(Nos.) Lactation -2 1.21 0.21 1.46 0.50

Lactation-3 --- -- 1.24 0.40

Over all 1.47 0.2 1.31 0.09

Means with in row bearing different superscripts differ significantly (P<0.05).


SE= standard error.
bST= Recombinant bovine somatotropic hormone.

54
Figure 9 Comparison of reproduction parameters (post partum estrus
[PPE], service period [SP]) of bST-treated and control groups during
the study period.

The overall incidences of Foot and Mouth disease were 11.0 vs. 10.0
for the bST-treated and control groups, respectively (Table 7). The
difference in the incidences was non significant (P> 0.05) in treated and the
control groups. Only one incidence of lameness was observed during the
study in each group. The lameness was may be the after effect of FMD. On
the overall, the results are in agreement with Burton et al. (1990) who
reported no significant difference in the incidence of lameness or hoof
injuries in bST-treated animals.

55
Blood metabolites

During the study period, serum from blood samples collected


from both groups of animals was analyzed for hematology, nutrient
metabolites and mineral contents.

Hematological parameters

The overall (3 year) average hematological parameters for ESR,


HCV and Hb content of control and bST-treated groups were 70.50 vs.
70.70 mm/Ist h, 35.10 vs. 34.55% and 13.00 vs. 13.26 g/dl, respectively
(Table 8). Statistically, all differences were non significant (P>0.05).
These results are similar to those of Mishra and Shukla (2004) who
reported that bST had no effect on hemolymphatic (blood) system of
dairy buffaloes. In contrast, Rowlands et al. (1979) observed a decrease
(p<0.05) in hematological parameters including HCV, ESR and Hb of
bST-treated dairy animals. The relative difference may be due to stage
of lactation and dose of bST used, because initiation of lactation leads
to an increase in the vascular bed, followed by an increase in blood
volume, whereas Hb concentration is directly related to PCV (Schams
et al. 1975).

56
Table 7
Effect of bovine somatotropic hormone administration on the health of
lactating Nili- Ravi buffaloes

Period Diseases Treated Control

( No . o f ca s es) ( No . o f ca s es)

Foot and mouth disease - -


First year
Mastitis 5.0 2.0

Theileriosis - -

Lameness 2.0 4.0

Foot and mouth disease 11.0 10.0


Second year
Mastitis 9.0 7.0

Theileriosis - -

Lameness 1.0 1.0

Foot and mouth disease - -


Third year
Mastitis 4.0 5.0

Theileriosis - 1.0

Lameness - -

Overall Foot and mouth disease 11.0 10.0


prevalence
Mastitis 18.0 14.0

Theileriosis - 1.0

Lameness 1.0 1.0

57
Table 8
Effect of bovine somatotropic hormone administration on the
hematology of lactating Nili –Ravi buffaloes (mean ±SE)
Study Control Treated
Parameters period (0 bST) (+bST)
Concentration SE Concentration SE
Year -1 70.50 4.20 71.70 3.80
Erythrocyte
sedimentation Year-2 60.10 6.20 64.30 4.60
rate
(ESR) Year-3 80.90 4.10 76.10 5.40

(mm/Ist hr) Over all 70.50 2.60 70.70 1.54

Year -1 31.85 0.62 32.27 0.76

Hematocrit Year-2 36.34 0.46 35.24 0.58


value
(HCV) Year-3 37.12 0.85 36.15 1.10
(%)
Over all 35.10 0.73 34.55 0.52

Year-1 12.62 0.19 12.72 0.18

Hemoglobin Year-2 13.63 0.29 13.26 0.24


(g/dl)
Year-3 13.74 0.32 13.80 0.38

Over all 13.00 0.30 13.26 0.34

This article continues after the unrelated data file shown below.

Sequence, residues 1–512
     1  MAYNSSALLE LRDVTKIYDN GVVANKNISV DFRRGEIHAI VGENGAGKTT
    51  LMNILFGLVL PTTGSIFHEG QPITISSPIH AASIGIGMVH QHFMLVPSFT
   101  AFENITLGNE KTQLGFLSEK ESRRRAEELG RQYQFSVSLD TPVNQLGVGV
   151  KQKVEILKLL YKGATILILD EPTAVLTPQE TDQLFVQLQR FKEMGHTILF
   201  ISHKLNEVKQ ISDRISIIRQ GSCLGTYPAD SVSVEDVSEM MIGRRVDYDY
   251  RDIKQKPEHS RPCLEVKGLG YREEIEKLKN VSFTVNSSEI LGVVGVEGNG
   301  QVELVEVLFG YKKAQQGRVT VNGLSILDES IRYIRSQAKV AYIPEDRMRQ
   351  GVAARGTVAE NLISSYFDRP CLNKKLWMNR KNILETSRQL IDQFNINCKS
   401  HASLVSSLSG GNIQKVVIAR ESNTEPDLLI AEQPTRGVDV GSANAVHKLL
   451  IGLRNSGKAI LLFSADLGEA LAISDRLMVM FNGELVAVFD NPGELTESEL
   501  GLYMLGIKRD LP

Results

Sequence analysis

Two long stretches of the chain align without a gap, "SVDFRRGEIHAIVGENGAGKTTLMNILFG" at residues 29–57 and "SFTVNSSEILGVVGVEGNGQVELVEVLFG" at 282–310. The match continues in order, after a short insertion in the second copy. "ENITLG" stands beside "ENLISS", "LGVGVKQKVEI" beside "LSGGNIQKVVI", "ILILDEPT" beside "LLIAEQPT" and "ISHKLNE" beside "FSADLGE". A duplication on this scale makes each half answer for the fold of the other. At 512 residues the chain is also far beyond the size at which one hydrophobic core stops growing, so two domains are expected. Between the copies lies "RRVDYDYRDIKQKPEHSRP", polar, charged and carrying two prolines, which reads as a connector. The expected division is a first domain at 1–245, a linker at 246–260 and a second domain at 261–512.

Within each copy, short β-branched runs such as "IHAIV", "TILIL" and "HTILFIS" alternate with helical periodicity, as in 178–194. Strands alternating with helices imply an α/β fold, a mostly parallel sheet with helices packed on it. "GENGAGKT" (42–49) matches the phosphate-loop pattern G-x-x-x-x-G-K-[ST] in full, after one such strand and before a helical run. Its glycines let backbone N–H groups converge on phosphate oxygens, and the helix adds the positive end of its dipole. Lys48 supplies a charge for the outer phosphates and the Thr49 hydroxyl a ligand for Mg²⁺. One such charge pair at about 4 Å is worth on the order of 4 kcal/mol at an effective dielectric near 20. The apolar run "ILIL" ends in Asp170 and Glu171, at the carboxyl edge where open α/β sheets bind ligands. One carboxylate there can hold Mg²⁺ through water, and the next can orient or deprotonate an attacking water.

SE = standard error.
bST= Recombinant bovine somatotropic hormone
mm / Ist hr = millimeter first hour.

Biochemical parameters

The overall (over the 3 years study period) average biochemical


parameters including plasma total protein, total lipids, BUN,
cholesterol and glucose of the control and bST-treated groups were 8.29
vs. 8.39 mg /dl, 533.0 vs. 531.1 mg /dl, 4.41 vs. 4.11 mmol /L, 162.92

58
vs. 159.2 mg /dl and 55.22 vs. 57.0.3 mg/dl, respectively (Table 9). The
results of all parameters except BUN were non significant (P>0.05);
BUN was significantly lower (P<0.05) in the-bST treated group
compared to the control. Lower value of BUN is an indication of more
efficient utilization of protein. Mishra and Shukla, (2004) also found
that bST had no effect on biochemical parameters except BUN of the
dairy Murrah buffaloes. The present results partially agree with those
of Chaiyabutr et al. (2005) who found that bST had no effect on plasma
glucose, total protein and lipids in dairy cows. In contrast, the present
observations were not in agreement with of Helal and. Lasheen (2008),
who found that the plasma protein and glucose concentrations were
significantly increased, while blood urea and cholesterol remained
unaffected in bST-treated (500 mg/14 d) in Egyptian dairy buffaloes.

Mineral metabolites

The overall average serum sodium, potassium and calcium


concentrations of the control and bST-treated groups were 144.90 vs.
137.36, 6.31 vs. 6.6.28 and 4.49 vs. 4.54 meq/L, respectively (Table
10), with none of the differencs being significant (P>0.05). McGuffy et
al. (1990) also found sodium chloride and potassium concentrations
were not significantly different between bST-treated and control dairy
cows

59
Table 9
Effect of administration bovine somatotropic hormone on blood
metabolites in lactating Nili –Ravi buffaloes (mean ±SE)
Study Control Treated
Parameters period (0 bST) (+bST)
Concentration SE Concentration SE
Year-1 8.48 0.08 8.37 0.07
Protein Year-2 7.92 0.12 8.11 0.98
Mg/dl Year-3 8.46 0.20 8.70 0.18
Over all 8.29 0.08 8.39 0.07

Year -1 549.9 9.4 564.7 8.5


Lipids Year-2 576.3 21.0 554.1 15.0